The Michelin brand has a lot of excellent tires to choose from, each with varying degrees of performance and capabilities. Two terrific options are the Agilis Crossclimate and Defender series, which boast outstanding performance for trucks, SUVs, and vans.
But which one is better? For us, it’s the Michelin Agilis. However, this wasn’t an easy decision as Defender tires are excellent as well.
So, let’s dive in and learn how we pitted the Michelin Agilis Crossclimate vs Defender against each other based on performance, cost, and comfort.
Both tires perform well, but here’s a short table on their differences and similarities, since Michelin Agilis vs Defender is a complicated debate.
|Michelin Agilis CrossClimate||Michelin Defender LTX M/S||Michelin Defender T+H||Michelin Defender 2|
|Type||All-weather Tire||All-Season Tire||All-Season Tire||All-Season Tire|
|Tested Tire Size||LT 265/70R17||LT 265/70R17||225/60R17||225/60R17|
|Max Load||3195 lbs||3195 lbs||1709 lbs||1709 lbs|
|Mud + Snow||Yes||Yes||Yes||Yes|
Table of Contents
What Are They?
1. Michelin Agilis Crossclimate
The Michelin Agilis Crossclimate is the French brand’s highway all-season tire built explicitly for service industry vehicles like trucks, SUVs, and vans. It’s equipped to endure high-stress use from heavy loads and harsh road conditions.
Michelin considers this model their most durable, heavy-duty light commercial truck tire. It has two times more nylon reinforcement if you compare the Defender LTX vs CrossClimate Agilis.
And rightly so, since durability is the number one concern for vehicles constantly moving and carrying heavy loads.
The secret lies in its structure and the fantastic features that Michelin’s technology provides.
Here are the features of the Michelin Agilis CrossClimate that make it one of the best service vehicle tires in the market.
- MaxPressure Profile – This feature ensures that the tire wears evenly during high-stress situations, when the vehicle is running with high speeds and torque while carrying heavier loads.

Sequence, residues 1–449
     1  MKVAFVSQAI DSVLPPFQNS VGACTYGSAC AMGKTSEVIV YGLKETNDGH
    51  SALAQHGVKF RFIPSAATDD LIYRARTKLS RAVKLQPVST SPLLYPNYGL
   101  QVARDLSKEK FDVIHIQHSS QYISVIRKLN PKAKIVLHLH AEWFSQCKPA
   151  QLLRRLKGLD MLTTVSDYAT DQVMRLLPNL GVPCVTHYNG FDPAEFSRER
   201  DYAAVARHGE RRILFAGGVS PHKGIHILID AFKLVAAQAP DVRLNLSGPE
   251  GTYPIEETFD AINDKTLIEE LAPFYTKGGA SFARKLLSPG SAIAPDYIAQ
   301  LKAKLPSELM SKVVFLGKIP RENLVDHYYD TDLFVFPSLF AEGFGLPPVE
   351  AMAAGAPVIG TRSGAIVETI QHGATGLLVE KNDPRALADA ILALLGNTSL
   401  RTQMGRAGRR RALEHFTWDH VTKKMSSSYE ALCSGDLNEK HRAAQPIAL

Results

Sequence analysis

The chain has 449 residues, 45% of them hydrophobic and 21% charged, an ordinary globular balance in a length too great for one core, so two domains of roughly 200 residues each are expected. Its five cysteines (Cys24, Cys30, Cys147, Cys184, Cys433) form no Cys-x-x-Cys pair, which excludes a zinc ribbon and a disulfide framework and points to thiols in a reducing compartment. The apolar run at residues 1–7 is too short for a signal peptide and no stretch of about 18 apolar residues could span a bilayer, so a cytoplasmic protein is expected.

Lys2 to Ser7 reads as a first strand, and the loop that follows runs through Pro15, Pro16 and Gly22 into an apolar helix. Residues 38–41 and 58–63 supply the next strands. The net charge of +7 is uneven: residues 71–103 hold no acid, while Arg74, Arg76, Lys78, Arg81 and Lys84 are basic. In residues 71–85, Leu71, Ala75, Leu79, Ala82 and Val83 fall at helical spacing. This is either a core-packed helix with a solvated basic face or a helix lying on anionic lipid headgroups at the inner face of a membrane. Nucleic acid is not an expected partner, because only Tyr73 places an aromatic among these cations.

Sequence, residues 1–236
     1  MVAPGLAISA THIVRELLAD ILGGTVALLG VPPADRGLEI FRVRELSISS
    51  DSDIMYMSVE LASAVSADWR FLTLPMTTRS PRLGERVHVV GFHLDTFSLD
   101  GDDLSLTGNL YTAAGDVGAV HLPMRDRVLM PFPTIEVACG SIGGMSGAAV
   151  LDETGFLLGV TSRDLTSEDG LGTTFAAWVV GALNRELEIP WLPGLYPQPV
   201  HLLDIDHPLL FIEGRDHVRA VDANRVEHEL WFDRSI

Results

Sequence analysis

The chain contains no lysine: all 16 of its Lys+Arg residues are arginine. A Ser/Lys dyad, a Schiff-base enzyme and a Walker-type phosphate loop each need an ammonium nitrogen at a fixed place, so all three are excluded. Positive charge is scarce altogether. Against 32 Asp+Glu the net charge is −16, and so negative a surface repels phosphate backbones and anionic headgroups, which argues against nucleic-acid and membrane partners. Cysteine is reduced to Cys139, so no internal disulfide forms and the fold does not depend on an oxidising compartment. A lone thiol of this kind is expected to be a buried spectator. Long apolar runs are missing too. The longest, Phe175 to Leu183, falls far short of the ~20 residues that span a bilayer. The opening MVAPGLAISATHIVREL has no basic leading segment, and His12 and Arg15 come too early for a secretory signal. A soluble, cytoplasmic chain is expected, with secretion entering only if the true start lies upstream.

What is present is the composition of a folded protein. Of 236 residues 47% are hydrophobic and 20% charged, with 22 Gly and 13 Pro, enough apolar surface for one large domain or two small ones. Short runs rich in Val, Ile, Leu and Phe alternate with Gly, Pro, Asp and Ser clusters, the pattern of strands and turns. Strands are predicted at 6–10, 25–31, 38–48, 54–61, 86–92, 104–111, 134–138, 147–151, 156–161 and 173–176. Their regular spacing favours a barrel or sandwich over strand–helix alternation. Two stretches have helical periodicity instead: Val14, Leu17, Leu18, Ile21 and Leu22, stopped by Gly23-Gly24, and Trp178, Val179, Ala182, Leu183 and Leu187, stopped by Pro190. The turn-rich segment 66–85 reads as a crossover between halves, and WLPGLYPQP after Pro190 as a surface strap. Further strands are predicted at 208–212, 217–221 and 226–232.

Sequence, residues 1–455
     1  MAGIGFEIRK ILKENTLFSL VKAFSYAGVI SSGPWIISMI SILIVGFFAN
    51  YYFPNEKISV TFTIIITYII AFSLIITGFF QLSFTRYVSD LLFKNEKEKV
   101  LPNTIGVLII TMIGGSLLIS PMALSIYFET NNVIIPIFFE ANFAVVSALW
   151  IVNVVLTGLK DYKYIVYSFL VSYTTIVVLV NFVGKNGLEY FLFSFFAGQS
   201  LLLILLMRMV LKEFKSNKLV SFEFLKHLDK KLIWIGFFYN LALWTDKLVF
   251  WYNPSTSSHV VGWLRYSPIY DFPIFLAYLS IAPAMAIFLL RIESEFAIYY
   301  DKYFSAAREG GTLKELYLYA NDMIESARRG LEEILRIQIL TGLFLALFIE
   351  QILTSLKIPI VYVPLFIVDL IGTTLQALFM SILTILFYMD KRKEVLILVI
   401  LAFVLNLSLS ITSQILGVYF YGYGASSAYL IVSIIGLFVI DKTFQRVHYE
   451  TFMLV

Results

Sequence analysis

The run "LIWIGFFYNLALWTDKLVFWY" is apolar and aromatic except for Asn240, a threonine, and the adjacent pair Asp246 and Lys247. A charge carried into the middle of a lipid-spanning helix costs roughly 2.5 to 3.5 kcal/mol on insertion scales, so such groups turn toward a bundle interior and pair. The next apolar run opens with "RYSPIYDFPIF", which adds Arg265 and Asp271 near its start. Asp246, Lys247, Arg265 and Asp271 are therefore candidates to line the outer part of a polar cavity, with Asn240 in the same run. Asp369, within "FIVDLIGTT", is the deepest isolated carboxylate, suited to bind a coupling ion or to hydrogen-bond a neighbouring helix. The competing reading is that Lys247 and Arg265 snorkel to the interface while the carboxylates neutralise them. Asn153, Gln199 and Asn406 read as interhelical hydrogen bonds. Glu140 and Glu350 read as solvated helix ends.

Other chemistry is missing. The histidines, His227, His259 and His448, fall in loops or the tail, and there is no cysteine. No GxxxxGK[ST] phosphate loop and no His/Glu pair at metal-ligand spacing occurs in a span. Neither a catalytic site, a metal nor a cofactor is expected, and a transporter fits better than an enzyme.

- StabiliBlok – Heat can be an issue for a tire’s durability, and heavier loads can only worsen it. A StabiliBlok construction optimizes the tire to withstand high temperatures in these types of situations.
- SipeLock – Wet and snow road conditions can easily slow vehicles down or affect their stability. However, with hundreds of SipeLock bite edges, harsh weather won’t be an issue.
- CurbGard – Curbs in highly urbanized areas can rub against your tires every once in a while. CurbGard specializes in protecting your tires from these situations, which further increases the tire’s durability.
The Michelin Agilis Crossclimate also has a much better upgrade in the form of the Michelin Crossclimate 2, which gave it more durability, stopping power, and better snow traction.
The Michelin Agilis also has a more affordable version called the Michelin Agilis LTX, which is still great for light trucks but is more well suited for highway use.
When comparing the Michelin Agilis LTX vs CrossClimate, you can see the difference, especially in harsh weather conditions, which the Agilis LTX isn’t meant for because of its low performance on wet and snowy roads.
The Michelin Agilis CrossClimate doesn’t mess around as it’s a tire made to last. Next, we’ll review its competition for this article, the Michelin Defender.
2. Michelin Defender
Michelin’s premier all-season line is the Michelin Defender. It is built to withstand changing road conditions while being cost-effective and durable.
The Defender has three models in its lineup. All three perform similarly and utilize the same technology, but they have different uses, and we’ll list them here.
- Compatible with Electric vehicles, Passenger cars, and SUV Crossovers
- Lasts longer than other standard touring tires
Defender LTX M/S
- Could be fitted onto SUV Crossovers and Light Trucks
- Handles severe road conditions with minimal treadwear
- The only Defender tire that has a 70,000-mile treadwear warranty instead of 80,000
- Could be used on Passenger cars or SUV Crossovers
- Can withstand high speeds of 130 mph, indicated by its “H” marking
- A touring tire that promises less road noise and a comfortable driving experience for those who use it.
For more reviews about this tire, click here!
While there are three Defender tires to choose from, the best comparison to pit against the Michelin Agilis Crossclimate would be the Michelin Defender LTX M/S, since both are specially made for light trucks and service vehicles.